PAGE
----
Traveling with a dog in car can distract, stress out driver

Here’s a pet peeve …

Traveling with a dog in the car can distract and stress out the driver.

A new study reveals that allowing pets to roam unrestrained in a moving vehicle leads to “significantly more unsafe driving behaviors, more time distracted and increased stress” on drivers and pets.

Man and boy traveling with a dog in car

“While pets roaming around the car can be cute and convenient, it poses serious risk for both drivers and their pets, both in terms of causing distractions and increasing the chances of serious injury in the event of an accident,” said Dr. Elisa Mazzaferro of Cornell University Veterinary Specialists.

Although pets now are often “ingrained” as family members, many pet owners aren’t keeping their safety in mind when driving with them, according to Volvo Reports: Keeping Pets Safe on the Road.

Volvo and The Harris Poll, which conducted the survey on which the report was based, followed 15 drivers and their dogs for two hours each, a total of 30 hours on the road. They examined how driving with an unrestrained pet affected driving behaviors compared to when an owner used pet restraints, such as pet seat belts, harnesses, crates and carriers.

Here’s what the study found:

  • Unsafe driving behaviors, including the pet climbing on a driver’s lap or hanging their head out the window, more than doubled to 649 instances while unrestrained to 274 while restrained.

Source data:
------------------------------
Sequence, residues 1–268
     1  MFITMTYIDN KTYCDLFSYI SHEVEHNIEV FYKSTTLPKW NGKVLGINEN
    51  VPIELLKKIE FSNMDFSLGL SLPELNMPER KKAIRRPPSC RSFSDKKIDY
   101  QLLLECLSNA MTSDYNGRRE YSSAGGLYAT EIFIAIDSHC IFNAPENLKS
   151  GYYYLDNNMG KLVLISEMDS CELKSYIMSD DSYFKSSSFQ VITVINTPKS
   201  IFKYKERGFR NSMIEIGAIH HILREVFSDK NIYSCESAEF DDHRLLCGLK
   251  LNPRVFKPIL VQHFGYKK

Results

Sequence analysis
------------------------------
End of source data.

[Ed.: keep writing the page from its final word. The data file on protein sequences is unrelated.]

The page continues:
• The time drivers were districted, including dogs jumping from seat to seat or taking drivers’ eyes off the road, more than doubled to three hours and 39 minutes from one hour, 39 minutes.
  • Stress on both driver and pets increased, with heart rates rising for drivers and their pets. Unrestrained dogs’ heart rates measured seven beats per minutes faster, while drivers’ heart rates were 28 to 34 beats per minute higher.

“Unfortunately, in my field, we see the potential devastating consequences regularly, many of which can be avoided simply by ensuring our animals are safely secured,” said Mazzaferro.

The 15 pet owners in the observational study were selected from among 1,433 pet owners included in an online survey of 2,000 adults ages 18 and older.

This year’s survey, conducted in March, was a follow-up to last year’s report, in which drivers expressed anxiety about the safety of their pets when traveling.

Among those results, which focused on millennials (young adults):

  • Half would rather go on a road trip with their dog than their family (39 percent in general).
  • Four in 10 choose weekend getaways with their dog rather than partner (28 percent overall).
  • About 32 percent of pet owners have left a dog at home thinking travel was not safe enough.

Volvo has an interest in the survey results because it claims to be “the leading vehicle manufacturer to develop safety accessories for pets that directly tie into the safety system of the car.” Accessories include a dog harness, load compartment divider, dog gate and protective steel grille.

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